Not only is there a severe food crisis, an exponential increase in construction material costs, a restive labor force, and ongoing repression of regime opposition, the state is about to embark on its first political transition in generations. These developments are occurring at precisely the same time as Egypt’s Islamists are making great social and political strides.

It’s not just that the Muslim Brotherhood (MB) won an unprecedented 88 of 444 elected parliamentary seats in 2005 and likely would have done well in the April municipal elections if the Government hadn’t intervened. The striking number of muhajibat—and women wearing niqab—in Cairo suggests that the Brotherhood is winning the battle of ideas on the ground. At least that’s how MB Deputy Supreme Guide Mohammed Habib sees it. As Habib told me a few weeks ago, the increased incidence of hijab in Egypt is evidence that “the Dawa worked.”

Making matters worse is the extreme anti-American bent of the Egyptian government-controlled press, the regrettable incident in the Suez Canal last month in which an innocent Egyptian souvenir trader was killed by a U.S. contractor, the situation in Gaza, and the predominantly negative views of the Egyptian Government held by the locals. These elements exacerbate an already potentially explosive situation.

As Steven notes, though, Egyptians have a “limitless ability to muddle through.” Things have looked pretty bad before, and the regime has persevered. Indeed, the bread crisis isn’t the first time Cairo has called in the military as the solution of last resort. In the 1960s, Gamal Abdel Nasser ordered the army to take control of the under-performing transportation sector, and armed forces served for a brief while as the country’s bus drivers.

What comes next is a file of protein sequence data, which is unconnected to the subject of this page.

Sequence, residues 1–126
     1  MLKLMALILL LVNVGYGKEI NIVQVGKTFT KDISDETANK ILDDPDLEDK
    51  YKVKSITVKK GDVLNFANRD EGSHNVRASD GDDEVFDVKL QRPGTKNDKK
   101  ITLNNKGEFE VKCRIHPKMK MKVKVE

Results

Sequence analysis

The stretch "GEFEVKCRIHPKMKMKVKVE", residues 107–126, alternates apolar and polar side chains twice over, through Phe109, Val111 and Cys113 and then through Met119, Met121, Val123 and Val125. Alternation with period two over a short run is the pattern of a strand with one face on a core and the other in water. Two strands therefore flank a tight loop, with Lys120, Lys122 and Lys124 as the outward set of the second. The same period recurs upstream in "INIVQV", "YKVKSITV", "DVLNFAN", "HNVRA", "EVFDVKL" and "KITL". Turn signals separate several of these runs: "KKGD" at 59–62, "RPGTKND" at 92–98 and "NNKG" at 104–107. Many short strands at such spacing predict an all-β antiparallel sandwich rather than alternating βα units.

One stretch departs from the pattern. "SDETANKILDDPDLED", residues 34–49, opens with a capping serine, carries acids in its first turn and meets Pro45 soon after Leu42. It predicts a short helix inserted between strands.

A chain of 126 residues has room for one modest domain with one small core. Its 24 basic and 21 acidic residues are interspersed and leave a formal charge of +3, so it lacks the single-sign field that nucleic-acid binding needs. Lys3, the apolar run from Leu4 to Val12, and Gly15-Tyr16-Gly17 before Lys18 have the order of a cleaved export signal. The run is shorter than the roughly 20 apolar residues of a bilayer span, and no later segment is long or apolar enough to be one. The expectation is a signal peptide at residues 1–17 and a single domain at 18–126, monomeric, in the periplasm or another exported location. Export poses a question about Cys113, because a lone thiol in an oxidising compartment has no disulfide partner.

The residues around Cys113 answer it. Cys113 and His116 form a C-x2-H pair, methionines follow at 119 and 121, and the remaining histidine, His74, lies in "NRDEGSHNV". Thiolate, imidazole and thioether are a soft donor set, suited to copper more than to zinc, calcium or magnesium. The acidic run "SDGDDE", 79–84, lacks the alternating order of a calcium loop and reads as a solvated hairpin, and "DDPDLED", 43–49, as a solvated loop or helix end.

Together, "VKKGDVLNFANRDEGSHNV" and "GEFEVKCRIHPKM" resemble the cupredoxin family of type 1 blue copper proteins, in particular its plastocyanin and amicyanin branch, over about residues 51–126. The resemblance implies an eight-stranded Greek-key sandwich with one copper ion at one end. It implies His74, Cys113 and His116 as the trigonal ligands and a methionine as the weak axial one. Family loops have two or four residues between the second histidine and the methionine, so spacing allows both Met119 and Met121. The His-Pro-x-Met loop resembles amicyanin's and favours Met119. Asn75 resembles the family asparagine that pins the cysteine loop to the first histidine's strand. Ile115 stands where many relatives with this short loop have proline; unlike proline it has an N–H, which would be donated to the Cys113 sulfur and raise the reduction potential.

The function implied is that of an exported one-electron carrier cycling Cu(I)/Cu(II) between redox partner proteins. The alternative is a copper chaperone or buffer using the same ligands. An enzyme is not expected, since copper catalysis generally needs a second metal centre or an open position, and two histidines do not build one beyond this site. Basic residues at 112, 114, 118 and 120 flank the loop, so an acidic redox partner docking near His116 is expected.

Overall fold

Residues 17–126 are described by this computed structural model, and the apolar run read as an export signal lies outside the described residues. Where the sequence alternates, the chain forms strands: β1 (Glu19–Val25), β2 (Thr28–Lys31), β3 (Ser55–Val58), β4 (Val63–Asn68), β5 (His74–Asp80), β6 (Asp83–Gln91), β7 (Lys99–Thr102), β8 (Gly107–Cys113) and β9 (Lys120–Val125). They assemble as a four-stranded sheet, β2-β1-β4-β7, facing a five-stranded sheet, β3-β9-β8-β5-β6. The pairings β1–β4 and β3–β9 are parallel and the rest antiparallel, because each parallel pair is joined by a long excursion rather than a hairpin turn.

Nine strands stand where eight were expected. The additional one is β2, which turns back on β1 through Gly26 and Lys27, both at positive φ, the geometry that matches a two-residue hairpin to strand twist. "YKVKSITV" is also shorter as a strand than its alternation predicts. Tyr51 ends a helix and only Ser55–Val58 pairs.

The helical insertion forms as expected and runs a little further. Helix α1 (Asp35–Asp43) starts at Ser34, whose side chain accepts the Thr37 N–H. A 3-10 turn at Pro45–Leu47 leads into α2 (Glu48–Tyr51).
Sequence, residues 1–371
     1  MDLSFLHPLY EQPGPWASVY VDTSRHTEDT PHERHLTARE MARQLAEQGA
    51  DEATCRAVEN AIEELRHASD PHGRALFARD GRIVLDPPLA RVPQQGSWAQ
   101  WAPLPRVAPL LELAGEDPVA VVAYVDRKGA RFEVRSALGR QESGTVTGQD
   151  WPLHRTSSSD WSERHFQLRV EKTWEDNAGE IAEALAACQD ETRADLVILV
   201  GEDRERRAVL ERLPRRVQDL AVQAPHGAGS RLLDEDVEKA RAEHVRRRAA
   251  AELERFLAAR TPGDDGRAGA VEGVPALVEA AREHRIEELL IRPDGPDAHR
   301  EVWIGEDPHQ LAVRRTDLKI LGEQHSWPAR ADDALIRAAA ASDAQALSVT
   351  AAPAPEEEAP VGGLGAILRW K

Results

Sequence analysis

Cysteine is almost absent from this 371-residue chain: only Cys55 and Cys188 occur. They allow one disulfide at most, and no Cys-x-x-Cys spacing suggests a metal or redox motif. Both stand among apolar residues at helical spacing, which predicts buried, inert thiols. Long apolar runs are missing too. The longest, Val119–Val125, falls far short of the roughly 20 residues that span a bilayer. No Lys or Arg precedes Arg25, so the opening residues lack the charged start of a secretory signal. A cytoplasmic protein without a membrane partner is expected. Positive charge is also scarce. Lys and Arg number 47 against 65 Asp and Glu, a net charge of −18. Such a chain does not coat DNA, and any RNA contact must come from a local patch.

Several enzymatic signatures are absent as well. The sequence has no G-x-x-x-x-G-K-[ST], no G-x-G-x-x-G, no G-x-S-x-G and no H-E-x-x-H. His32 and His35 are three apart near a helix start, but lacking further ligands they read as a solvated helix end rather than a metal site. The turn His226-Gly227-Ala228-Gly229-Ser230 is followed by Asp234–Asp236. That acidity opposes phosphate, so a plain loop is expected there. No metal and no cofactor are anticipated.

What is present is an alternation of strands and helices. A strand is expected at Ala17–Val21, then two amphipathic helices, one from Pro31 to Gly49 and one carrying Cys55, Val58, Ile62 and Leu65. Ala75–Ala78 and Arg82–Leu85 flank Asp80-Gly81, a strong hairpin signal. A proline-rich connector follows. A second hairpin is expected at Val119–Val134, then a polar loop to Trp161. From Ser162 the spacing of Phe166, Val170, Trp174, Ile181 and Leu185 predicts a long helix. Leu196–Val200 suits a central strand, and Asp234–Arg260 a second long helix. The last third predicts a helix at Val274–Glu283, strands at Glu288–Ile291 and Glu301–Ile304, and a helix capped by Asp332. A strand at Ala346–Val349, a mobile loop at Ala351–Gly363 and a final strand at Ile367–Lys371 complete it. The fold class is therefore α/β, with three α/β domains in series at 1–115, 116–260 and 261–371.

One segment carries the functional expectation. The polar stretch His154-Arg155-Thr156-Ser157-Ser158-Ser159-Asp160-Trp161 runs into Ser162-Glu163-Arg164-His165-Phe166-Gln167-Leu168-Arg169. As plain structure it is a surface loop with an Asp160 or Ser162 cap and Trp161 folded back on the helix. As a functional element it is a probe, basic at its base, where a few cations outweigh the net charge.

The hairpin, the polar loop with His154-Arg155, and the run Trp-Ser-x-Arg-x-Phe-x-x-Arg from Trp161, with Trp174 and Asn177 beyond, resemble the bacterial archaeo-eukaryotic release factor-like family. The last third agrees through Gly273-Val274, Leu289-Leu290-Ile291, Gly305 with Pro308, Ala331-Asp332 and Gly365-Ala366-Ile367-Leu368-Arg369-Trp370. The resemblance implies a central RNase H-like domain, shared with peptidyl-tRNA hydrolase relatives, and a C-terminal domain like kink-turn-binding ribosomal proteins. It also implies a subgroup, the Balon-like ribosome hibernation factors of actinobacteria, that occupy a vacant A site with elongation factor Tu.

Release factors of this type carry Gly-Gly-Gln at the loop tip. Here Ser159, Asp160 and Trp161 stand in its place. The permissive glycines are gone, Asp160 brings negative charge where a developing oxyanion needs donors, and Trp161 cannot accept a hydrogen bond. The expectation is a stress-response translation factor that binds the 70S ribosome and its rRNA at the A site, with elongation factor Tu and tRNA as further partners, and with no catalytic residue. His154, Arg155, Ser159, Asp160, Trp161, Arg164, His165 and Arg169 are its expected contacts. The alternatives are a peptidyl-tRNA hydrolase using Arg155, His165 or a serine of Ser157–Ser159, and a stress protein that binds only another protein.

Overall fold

But trends in Egypt—and in the region—are not what they were, and with political transition on the horizon, there is no solution in sight for Egypt’s perennial maladies. Yes, Egypt has been a remarkable economic success story in recent years, generating 7 percent GDP growth over the past six years or so. But there has been no trickle-down, resulting in a heightened sense of relative deprivation among Egypt’s estimated 24 million impoverished.

Likewise, despite protestations to the contrary, the NDP, Egypt’s ruling party, does not appear to be serious about internal reform, much less any form of power sharing. And with prominent party affiliates like Ahmed Ezz, who controls the monopoly on steel in Egypt, the NDP is not likely to soon shed its corrupt image. Meanwhile, with the notable exception of the MB, there is today no such thing as political opposition in Egypt. Political parties are co-opted, or their leaders are jailed.

At the end of the day, Steven is right. Egypt is not in imminent danger of instability or collapse. But the trend line is not good. The only Egyptians today who are happy and confident of the country’s direction are the Muslim Brotherhood. And that’s because they take the long term view. The worse things get in Egypt, the more support the Brotherhood expects to pick up.

David Schenker is a member of MESH.

  1. on 10 Apr 2008 at 1:20 pm2 Tamara Cofman Wittes

I really appreciate Steven Cook’s and David Schenker’s analyses of the trend lines in Cairo, but I think they are both asking the wrong question. Whether or not Mubarak can “muddle through” this crisis is not a real question: the state’s coercive capacity is significant and the security forces haven’t even warmed up yet. The question Americans should be asking is what it costs us—and Mubarak—when his regime is compelled to fall back on coercion and the reinsertion of the military apparatus into the daily concerns (those bakeries!) of Egyptian citizens.